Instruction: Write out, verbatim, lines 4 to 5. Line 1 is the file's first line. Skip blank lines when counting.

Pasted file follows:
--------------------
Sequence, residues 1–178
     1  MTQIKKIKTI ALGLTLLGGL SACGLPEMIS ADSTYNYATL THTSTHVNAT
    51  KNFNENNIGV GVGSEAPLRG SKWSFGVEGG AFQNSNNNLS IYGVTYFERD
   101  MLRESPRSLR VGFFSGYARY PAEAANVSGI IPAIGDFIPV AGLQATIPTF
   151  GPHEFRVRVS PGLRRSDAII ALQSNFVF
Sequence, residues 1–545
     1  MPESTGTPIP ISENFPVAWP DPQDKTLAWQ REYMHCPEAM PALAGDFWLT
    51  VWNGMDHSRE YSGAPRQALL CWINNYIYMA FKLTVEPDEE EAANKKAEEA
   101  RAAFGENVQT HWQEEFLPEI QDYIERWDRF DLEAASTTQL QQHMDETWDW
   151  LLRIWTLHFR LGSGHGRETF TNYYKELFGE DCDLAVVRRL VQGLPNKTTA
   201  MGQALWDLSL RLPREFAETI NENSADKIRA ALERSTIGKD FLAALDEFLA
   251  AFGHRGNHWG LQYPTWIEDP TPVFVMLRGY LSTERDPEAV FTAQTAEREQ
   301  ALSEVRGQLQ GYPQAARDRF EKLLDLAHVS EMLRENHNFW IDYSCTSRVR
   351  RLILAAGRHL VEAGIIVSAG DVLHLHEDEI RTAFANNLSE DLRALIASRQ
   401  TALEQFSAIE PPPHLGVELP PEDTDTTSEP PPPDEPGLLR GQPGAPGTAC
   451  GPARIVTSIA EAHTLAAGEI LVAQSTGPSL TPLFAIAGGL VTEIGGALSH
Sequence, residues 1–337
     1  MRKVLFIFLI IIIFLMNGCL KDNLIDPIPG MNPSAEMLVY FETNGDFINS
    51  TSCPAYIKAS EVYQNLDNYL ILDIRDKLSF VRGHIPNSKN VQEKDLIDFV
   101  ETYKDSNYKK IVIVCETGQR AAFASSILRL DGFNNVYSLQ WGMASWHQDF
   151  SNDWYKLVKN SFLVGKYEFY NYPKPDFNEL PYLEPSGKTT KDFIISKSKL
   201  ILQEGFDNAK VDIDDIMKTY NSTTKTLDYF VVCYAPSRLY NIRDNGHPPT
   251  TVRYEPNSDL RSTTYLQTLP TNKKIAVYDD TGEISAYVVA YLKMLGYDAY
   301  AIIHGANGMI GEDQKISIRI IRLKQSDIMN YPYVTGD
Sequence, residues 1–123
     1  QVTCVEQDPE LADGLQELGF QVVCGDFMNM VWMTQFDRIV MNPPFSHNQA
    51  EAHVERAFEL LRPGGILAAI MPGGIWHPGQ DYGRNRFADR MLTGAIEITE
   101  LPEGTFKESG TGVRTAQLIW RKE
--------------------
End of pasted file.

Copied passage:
   101  MLRESPRSLR VGFFSGYARY PAEAANVSGI IPAIGDFIPV AGLQATIPTF
   151  GPHEFRVRVS PGLRRSDAII ALQSNFVF